The law firms, investment banks and consulting companies working with FTX on its bankruptcy case billed the crypto exchange a combined $34.18 million in January, court documents reveal.
FTX’s chief restructuring officer and new CEO, John J. Ray III, also received a hefty pay package, charging $1,300 an hour to a total of $305,000 in February according to a Mar. 6 filing.
Separate court filings on Mar. 6 show United States law firms Sullivan & Cromwell, Quinn Emmanuel Urquhart & Sullivan and Landis Rath & Cobb invoiced $16.9 million, $1.44 million and $684,000 respectively for their services and expenses in January.
Lawyers and staff of Sullivan & Cromwell billed a total of 14,569 hours for their work, which equates to over 600 days. Some partners received up to $2,165 per hour while the firm’s paralegals and legal analysts were making do with between $425-$595 per hour.
The highest-priced billables were discovery ($3.5 million), asset disposition ($2.2 million) and general investigation work ($2 million).
It submitted another hefty $7.5 million bill to FTX for the first 19 days of February.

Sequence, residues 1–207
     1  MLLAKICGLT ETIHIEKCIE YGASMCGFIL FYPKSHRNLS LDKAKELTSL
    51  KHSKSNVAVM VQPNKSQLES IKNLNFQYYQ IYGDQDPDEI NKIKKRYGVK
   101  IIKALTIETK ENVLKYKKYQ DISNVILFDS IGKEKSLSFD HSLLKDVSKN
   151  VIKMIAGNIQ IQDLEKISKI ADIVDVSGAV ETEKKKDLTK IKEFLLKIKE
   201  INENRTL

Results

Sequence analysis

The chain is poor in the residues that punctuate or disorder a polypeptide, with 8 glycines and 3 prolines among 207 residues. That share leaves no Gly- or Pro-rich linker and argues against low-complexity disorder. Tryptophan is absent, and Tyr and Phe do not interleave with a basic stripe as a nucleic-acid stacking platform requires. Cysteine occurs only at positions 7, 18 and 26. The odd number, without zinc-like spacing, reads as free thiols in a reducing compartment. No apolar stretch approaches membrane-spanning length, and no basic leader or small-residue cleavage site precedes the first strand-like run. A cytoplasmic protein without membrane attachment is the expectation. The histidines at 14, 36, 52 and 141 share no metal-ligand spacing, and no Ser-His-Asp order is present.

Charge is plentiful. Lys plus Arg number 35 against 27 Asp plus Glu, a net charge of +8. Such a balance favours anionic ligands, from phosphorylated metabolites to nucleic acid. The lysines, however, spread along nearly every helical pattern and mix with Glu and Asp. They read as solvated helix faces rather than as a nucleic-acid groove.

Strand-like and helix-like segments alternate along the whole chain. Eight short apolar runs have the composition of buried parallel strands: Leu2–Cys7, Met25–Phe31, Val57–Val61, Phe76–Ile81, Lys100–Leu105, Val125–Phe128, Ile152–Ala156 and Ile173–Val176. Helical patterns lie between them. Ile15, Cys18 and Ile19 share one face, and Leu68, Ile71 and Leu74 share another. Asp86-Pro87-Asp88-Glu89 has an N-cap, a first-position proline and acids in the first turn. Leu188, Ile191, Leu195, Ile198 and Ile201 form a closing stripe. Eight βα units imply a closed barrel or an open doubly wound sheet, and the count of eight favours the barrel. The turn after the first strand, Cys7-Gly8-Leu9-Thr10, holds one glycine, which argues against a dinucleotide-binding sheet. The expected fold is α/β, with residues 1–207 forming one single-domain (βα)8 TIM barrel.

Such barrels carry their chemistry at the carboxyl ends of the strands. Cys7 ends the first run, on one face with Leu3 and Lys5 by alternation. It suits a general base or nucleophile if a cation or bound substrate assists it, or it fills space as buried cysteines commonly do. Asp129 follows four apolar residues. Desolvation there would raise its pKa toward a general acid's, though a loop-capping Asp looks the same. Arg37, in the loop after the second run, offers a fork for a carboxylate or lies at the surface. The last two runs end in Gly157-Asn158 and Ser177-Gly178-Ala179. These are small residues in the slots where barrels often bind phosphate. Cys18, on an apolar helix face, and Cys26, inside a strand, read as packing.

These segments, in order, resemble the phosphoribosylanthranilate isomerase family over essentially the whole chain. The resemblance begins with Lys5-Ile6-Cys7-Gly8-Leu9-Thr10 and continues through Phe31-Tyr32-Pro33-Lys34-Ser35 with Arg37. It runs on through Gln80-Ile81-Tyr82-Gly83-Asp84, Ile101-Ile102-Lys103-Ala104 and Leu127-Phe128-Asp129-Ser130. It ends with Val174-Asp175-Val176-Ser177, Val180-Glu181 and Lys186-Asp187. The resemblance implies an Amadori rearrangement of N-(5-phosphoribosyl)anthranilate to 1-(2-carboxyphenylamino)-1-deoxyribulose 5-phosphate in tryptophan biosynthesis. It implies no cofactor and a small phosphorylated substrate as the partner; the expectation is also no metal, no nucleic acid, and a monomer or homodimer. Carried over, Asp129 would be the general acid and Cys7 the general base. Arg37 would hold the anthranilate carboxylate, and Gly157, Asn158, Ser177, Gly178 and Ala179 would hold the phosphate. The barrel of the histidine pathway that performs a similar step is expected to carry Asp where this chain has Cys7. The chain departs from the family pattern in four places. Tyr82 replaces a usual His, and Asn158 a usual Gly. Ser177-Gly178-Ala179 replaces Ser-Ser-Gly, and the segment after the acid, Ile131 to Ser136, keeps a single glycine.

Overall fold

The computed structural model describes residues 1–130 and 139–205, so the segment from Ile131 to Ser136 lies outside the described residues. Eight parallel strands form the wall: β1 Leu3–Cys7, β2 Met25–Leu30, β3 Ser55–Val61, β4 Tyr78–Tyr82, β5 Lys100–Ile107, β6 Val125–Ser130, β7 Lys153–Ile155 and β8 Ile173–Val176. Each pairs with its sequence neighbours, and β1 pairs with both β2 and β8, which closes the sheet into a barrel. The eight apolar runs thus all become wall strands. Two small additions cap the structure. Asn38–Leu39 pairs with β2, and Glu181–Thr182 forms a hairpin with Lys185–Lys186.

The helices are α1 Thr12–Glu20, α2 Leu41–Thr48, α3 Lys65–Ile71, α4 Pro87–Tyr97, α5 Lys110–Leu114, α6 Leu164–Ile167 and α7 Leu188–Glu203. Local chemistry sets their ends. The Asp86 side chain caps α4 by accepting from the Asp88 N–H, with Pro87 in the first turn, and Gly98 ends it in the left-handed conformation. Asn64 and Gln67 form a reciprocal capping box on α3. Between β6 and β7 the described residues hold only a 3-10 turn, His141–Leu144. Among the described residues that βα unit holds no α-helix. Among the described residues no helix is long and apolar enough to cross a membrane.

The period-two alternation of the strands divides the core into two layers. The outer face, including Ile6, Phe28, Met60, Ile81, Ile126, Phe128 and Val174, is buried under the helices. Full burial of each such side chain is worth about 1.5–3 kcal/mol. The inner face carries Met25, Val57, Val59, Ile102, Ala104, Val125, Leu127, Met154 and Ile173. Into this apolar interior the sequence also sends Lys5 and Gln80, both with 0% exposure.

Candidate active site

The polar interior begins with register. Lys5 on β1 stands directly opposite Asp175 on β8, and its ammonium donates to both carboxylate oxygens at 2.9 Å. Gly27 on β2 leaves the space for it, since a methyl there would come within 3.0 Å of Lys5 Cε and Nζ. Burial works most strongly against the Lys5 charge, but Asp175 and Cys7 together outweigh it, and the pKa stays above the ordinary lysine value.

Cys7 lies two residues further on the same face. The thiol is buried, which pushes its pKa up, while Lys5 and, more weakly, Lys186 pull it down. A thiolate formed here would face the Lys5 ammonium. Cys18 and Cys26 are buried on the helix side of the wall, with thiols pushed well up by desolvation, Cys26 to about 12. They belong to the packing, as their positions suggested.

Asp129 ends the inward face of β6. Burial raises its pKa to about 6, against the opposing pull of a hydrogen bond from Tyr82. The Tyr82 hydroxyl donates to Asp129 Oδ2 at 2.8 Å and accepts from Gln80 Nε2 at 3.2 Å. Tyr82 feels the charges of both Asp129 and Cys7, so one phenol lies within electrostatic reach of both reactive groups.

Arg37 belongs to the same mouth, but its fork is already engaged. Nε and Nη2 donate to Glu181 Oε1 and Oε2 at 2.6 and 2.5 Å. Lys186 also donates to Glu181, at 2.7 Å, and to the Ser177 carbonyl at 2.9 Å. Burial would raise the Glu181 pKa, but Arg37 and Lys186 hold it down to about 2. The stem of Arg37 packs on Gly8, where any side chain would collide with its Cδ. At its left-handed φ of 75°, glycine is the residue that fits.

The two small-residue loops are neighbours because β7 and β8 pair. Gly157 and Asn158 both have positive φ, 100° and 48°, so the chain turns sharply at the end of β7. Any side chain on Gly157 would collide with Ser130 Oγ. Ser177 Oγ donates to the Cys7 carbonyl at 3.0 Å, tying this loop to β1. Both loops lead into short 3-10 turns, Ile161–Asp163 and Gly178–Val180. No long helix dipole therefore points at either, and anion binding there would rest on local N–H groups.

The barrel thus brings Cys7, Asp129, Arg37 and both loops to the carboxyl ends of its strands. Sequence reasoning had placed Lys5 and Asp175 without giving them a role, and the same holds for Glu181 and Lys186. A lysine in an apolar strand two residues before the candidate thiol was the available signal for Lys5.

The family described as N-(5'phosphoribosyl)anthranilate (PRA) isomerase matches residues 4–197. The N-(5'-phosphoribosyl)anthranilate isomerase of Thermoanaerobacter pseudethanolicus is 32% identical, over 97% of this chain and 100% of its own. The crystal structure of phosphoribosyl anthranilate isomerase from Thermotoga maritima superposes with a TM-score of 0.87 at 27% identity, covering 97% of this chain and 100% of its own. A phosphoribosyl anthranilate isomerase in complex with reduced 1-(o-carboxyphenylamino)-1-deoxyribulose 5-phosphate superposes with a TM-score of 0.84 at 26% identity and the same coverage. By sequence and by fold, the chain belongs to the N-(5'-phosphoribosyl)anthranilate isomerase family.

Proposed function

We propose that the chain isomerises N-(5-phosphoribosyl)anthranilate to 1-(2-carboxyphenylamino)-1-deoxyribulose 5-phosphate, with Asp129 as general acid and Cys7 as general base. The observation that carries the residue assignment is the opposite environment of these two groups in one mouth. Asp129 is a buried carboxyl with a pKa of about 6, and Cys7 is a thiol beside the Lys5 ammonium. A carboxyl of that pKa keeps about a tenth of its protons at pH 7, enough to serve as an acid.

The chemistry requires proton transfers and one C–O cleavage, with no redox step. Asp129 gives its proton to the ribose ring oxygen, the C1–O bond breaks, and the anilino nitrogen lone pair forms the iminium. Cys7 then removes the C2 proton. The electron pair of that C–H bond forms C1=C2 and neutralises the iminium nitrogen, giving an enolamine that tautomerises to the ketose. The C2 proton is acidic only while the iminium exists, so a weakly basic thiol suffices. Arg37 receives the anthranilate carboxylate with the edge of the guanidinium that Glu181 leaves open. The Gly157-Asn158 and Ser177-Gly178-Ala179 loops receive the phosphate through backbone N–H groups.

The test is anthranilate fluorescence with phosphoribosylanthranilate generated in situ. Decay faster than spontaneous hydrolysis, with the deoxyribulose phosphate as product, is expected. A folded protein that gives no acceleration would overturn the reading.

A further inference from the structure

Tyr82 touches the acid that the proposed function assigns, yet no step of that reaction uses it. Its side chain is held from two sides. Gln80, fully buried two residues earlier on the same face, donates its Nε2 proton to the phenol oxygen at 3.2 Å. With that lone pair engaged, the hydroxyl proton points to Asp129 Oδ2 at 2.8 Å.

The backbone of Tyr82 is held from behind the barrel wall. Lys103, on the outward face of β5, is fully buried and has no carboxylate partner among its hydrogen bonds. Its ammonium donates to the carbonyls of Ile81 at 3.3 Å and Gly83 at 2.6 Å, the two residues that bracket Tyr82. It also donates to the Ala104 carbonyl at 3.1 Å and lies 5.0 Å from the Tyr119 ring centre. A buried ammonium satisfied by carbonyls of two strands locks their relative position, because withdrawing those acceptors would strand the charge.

Ray played a crucial role in keeping Sullivan & Cromwell on board as legal counsel, having filed a court motion on Jan. 17 arguing that Sullivan & Cromwell had been integral in taking control over the “dumpster fire” that was handed to him.
His filing came in response to an objection to the retention of the law firm on Jan. 14 by U.S. Trustee Andrew Vara, who claimed that Sullivan & Cromwell had failed to sufficiently disclose its connections and prior work for FTX.
FTX’s special counsel Landis Rath & Cobb spent much of its working hours attending court hearings and litigation procedures. For its efforts, the firm billed the FTX administrators $684,000 including expenses.
Between the three law firms, over 180 lawyers and over 50 non-lawyer staff worked on the case, most of who came from Sullivan & Cromwell.
Forensics consulting firm AlixPartners billed $2.1 million for January. Almost half of the firm’s hours were spent on forensic analysis of decentralized finance (DeFi) products and tokens in FTX’s possession.
Consulting firm Alvarez & Marsal invoiced for $12.5 million for over 17,100 hours it committed to avoidance actions, financial analysis and accounting procedures.
Related: Breaking down FTX’s bankruptcy: How it differs from other Chapter 11 cases
Investment bank Perella Weinberg Partners billed a monthly service fee of $450,000 plus more than $50,000 in expenses for planning a restructuring strategy and engaging in correspondence with third parties.
With FTX’s trial set for October, there are at least another six months of legal work to do for the law firms involved. Recent reports have estimated that the fees could reach in the hundreds of millions by the time the case is over, which could potentially rival the $440 million in fees that New York-based law firm Weil Gotshal made from the infamous Lehman Brothers bankruptcy in 2008.